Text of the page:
Wednesday, January 22, 2014

Follow the Rules Until You Make Them

Writing is one of those things where there are numerous rules put out by a variety of different people.  Some of the rules sound very specific, others are very broad.  Depending on which authors or editors whose advice you read, they can even be contradictory.  When you start out, you don't know any of these rules except some basic ideas of sequencing and he said/she said.  As you progress, you learn more and more rules to follow.

Follow those rules until you can make them.

That sounds rather strange, and I'm aware of that, but it really is the case and the reasoning is very simple.  It is very analogous to the instructions to little kids to "color within the lines."

The rules from the writers that come before you are basically simplified versions of procedures and advice those other writers have discovered for themselves.

When you first start out, you don't have much understanding of why you should.  As far as you know, it's just an arbitrary rule that was put into place for no particular reason.  This causes a very high temptation for to see the rules as a meaningless limitation that exists because the people that made them only accept a narrow-minded view of what is and is not "good" literature.  You'll feel very tempted to say that a particular choice is not a mistake but really a function of your style.

However, those rules do exist for reasons and simply breaking them for the sake of breaking them is not a function of style unless you understand the reason the rule exists to begin with.

Most writing rules have to do with the impression given most readers when you break or follow a rule.

For example "never begin the sentence with 'And'" which is something I sometimes do a little bit too much.

Most of the time, if you see "and" starting a sentence it has an amateurish feel to it.  Basically, it seems as if you forgot to say something and so are now trying to shoehorn the statement in.  A number of readers will get annoyed or turned off by this.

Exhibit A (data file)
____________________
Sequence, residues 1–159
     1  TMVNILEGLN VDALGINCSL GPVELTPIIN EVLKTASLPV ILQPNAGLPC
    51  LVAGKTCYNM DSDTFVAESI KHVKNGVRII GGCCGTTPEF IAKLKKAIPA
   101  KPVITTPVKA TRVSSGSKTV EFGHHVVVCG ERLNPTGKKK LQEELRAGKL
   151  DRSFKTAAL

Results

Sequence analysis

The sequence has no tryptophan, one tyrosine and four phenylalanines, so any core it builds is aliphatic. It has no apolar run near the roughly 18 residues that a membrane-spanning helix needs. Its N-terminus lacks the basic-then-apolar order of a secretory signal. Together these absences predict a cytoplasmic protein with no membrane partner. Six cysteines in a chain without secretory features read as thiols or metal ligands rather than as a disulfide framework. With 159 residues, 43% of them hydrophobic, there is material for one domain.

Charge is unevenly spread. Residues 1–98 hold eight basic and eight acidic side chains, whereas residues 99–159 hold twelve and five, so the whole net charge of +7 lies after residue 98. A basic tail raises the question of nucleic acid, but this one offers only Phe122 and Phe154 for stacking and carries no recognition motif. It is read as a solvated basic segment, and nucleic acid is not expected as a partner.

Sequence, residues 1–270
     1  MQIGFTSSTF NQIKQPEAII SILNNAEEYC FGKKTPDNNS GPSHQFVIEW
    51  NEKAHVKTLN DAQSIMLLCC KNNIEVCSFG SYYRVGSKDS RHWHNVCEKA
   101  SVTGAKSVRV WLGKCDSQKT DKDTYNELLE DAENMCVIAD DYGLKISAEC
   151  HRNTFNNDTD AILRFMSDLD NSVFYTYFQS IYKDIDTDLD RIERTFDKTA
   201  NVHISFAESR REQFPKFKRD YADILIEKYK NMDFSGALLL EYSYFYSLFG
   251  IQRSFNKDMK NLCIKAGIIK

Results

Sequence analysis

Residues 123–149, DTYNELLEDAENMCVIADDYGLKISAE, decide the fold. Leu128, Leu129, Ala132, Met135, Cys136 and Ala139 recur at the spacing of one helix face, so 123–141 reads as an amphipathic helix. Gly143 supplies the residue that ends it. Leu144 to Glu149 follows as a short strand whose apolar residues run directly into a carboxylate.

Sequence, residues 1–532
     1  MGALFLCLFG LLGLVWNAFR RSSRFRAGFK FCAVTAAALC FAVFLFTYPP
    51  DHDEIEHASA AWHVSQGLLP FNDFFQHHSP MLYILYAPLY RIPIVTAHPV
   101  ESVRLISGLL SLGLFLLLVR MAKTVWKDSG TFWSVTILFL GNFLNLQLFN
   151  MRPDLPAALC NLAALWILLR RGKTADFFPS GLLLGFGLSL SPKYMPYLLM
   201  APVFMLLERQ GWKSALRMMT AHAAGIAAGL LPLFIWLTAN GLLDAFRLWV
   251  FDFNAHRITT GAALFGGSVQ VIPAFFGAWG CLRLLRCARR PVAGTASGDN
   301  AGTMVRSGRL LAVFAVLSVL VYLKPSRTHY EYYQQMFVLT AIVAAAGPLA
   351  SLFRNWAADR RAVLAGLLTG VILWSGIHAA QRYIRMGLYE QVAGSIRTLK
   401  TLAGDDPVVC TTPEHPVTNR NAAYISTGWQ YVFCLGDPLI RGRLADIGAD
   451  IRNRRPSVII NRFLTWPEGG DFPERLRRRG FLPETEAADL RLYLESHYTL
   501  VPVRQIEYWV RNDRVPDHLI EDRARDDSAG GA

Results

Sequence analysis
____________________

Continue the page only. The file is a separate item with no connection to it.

It distracts from your story when people are turned off by a word choice or grammar issue.  When the reader stops looking at your story and starts looking at the technique and grammar instead, you have a problem.

He walked to the store.  And then he bought the milk.  And then it rained.  And then he got lost.

However, "and" can sometimes be used with a sentence in order to give an impression of an after thought or frustration.  The same sequence above, with some basic flavoring text can be made acceptable.

The young man walked to the store to buy the milk.  And, joy of joys, it started raining while he was in the story.  And that, of course, made him get lost on the way home.  And that was the start of a very bad day.

And now it sounds like the narrator is irritated and rolling their eyes and shaking their head in frustration.  The implication that something was forgotten is still there, but you are now making use of it for the narrator's character rather than actually suffering from it.  Though this example would still need polishing to be really acceptable.

Also note that the "and" above gives the beginning of that paragraph the character of a sweeping conclusion to a sequence.

As I said, the temptation is to not follow the rules because you don't understand them and it feels restrictive.  However, the truth of the matter is that you follow the rules BECAUSE you don't understand them.

Once you understand the rules, for the most part you'll find yourself following them because, lo and behold, most of the time they work better.  However, at about this time, you will start discovering truisms that you never were told before.  As you come to understand the rules, you will start to see more rules.  This is basically what happens as your sense for reader response becomes more attuned.

You start making your own rules.

Once you've gotten to this stage, you'll know that the rules of writing put out by most people are basically advice that's true probably 90% of the time, to throw out an arbitrarily chosen statistic.

And when you come to know that, you'll come to know when the rule can be broken without breaking your story.

Note that the above "and" beginning the sentence gives that the character of a private aside to the reader, as if the narrator leaned over and whispered something on the sly.

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